The author here seems to be doing a few different things. I think both the historical context of the letter and the context of the letter itself can give us some insight. On the historical context side of things, most scholars put the authorship of Hebrews sometime in the 60s AD. This was just a few years before Rome came and conquered Jerusalem and destroyed the temple completely to punish the Jews for their persistent attempts at rebellion. This happened in 70 AD. At about this point in history and almost certainly with Jesus’ warnings from Matthew’s Olivet Discourse in mind, followers of Jesus in Jerusalem started to leave the city. They were watching the signs and heeding Jesus’ warnings. Things would not have gone well for those who remained.

Given that, it could be that the author here is offering up a kind of coded call to leave the city to the believers who were still living there. It is entirely possible that his audience understood him in ways we don’t because of a lack of precise knowledge of the current cultural context, but which they had. We do well not to forget that no one writes a letter that is intentionally opaque to its intended recipients. The whole point of communication is to be understood. Just because we don’t understand something as completely as we would like to does not at all mean its original recipients did not either.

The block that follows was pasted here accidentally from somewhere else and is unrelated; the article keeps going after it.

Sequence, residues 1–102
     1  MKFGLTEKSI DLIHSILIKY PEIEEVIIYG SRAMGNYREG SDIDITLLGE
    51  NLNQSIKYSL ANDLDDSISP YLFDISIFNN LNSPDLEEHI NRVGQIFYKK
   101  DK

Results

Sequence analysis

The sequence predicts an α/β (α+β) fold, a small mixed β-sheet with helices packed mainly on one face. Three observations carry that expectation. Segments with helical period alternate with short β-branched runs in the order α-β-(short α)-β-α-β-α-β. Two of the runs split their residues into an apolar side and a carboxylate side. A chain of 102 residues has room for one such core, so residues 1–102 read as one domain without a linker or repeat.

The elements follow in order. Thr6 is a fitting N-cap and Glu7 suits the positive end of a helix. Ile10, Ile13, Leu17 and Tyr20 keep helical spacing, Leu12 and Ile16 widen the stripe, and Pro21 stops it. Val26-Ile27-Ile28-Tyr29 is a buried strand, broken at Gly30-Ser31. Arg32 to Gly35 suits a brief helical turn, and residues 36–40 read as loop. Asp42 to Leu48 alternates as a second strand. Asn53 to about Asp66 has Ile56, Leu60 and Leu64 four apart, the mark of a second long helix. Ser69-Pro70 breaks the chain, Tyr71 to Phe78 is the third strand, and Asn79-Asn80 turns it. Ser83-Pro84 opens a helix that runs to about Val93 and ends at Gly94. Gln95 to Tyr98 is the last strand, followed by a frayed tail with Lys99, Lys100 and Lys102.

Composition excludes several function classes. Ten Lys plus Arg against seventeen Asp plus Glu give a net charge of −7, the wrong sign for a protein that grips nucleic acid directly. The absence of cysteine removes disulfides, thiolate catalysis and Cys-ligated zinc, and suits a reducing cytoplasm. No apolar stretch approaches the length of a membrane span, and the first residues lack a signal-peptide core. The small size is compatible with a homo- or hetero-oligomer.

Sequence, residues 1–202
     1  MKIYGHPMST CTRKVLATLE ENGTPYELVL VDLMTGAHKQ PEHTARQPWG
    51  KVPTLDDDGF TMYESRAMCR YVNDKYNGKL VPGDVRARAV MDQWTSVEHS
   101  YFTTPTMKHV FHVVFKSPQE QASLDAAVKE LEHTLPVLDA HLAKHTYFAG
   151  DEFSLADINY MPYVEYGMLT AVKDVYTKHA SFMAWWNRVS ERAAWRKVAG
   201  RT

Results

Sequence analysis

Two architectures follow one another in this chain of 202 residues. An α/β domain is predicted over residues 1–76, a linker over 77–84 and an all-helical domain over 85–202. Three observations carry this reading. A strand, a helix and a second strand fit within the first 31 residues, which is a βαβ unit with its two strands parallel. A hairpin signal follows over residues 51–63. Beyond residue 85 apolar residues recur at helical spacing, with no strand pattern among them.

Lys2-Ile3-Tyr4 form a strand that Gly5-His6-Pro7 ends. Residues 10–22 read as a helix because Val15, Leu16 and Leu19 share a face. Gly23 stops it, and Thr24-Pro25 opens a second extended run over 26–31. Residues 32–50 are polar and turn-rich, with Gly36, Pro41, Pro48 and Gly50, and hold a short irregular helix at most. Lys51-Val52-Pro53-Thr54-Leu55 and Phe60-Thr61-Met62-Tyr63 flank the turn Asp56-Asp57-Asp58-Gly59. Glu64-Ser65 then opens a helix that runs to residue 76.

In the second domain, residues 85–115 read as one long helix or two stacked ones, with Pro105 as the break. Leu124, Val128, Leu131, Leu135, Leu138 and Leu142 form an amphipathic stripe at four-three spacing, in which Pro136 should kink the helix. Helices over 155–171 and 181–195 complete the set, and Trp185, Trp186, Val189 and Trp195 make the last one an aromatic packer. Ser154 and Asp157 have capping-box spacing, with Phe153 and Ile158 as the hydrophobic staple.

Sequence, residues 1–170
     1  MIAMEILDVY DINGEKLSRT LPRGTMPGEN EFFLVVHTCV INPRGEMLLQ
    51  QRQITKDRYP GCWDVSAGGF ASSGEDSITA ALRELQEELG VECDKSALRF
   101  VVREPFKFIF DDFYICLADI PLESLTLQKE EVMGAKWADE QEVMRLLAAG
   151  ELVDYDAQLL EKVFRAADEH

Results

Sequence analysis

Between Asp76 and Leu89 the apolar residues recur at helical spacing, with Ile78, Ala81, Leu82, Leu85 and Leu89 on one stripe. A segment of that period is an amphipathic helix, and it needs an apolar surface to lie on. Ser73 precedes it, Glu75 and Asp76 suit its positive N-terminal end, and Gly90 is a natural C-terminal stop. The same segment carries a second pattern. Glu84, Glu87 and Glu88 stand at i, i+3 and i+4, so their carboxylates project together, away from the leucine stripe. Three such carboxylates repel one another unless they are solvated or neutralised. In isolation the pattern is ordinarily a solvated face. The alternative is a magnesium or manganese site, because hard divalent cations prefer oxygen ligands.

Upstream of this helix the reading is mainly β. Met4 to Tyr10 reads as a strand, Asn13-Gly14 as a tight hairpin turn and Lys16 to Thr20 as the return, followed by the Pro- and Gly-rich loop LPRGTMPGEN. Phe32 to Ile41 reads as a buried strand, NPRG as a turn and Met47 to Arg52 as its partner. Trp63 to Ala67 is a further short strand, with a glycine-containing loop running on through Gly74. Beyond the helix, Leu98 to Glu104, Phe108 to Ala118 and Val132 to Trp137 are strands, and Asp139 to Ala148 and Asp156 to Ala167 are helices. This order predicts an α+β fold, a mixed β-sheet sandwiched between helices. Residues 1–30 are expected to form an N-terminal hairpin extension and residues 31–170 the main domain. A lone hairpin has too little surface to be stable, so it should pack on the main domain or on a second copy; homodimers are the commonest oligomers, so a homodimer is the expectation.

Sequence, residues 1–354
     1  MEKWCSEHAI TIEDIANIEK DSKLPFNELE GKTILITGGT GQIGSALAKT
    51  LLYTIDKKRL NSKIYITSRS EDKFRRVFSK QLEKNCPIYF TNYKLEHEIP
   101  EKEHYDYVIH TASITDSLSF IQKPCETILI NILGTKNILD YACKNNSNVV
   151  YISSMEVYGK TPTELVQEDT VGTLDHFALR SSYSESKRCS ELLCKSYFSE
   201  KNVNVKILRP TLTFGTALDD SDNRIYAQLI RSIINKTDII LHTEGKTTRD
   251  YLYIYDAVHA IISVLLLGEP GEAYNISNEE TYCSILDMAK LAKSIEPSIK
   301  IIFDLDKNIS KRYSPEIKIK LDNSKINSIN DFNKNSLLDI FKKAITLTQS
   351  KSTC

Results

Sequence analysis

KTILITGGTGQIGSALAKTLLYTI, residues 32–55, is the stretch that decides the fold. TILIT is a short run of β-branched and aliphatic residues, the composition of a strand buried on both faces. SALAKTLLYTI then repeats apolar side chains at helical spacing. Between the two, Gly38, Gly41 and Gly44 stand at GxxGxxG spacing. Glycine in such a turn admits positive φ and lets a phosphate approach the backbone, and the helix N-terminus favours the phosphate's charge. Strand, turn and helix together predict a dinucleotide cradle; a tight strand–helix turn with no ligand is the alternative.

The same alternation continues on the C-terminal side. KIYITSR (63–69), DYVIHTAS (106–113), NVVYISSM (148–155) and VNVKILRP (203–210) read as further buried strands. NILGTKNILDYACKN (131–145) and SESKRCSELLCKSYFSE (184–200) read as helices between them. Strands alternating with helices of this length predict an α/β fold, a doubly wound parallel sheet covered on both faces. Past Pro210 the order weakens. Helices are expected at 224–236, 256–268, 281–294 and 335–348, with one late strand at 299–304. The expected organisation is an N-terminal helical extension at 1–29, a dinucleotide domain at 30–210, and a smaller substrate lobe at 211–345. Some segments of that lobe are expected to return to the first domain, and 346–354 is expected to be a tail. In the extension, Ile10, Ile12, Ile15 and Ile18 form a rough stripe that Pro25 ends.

From the standpoint of the context of the letter itself, the author has been arguing for twelve chapters that the new covenant is greater than the old. In v. 9, he reminded his audience that they needed to not be led astray by strange new teachings. As an example of these, he cited Jewish dietary restrictions. At first read, this seems a little odd, but going back to the historical context, the call, invitation, and demand for Jews to more fully embrace their Jewishness in the final years before Rome’s conquest in 70 AD was surely reaching a fever pitch. There were likely Jewish apologists making the case to anyone who would listen that leaning back into the Law was going to be the means by which they would secure God’s favor and help in finally defeating their Roman oppressors. The efforts to intentionally exclude Jews who had embraced Jesus as Messiah would have been vigorous.

It could be, then, that there is an element of making a counter-apology here. The Jews were telling the Jesus followers that they couldn’t participate in the altar and its sacrifices and thus the blessings that were thought to come from them. Well, neither could they participate in the altar of the followers of Jesus. He sets up a kind of parallel comparison between the two with the Day of Atonement as his point of contact. When sin offerings were brought into the temple, the animals were killed on the altar, the blood was collected there, but the bodies of the animals were taken outside the camp or the city to be destroyed. This is all laid out in Leviticus 16.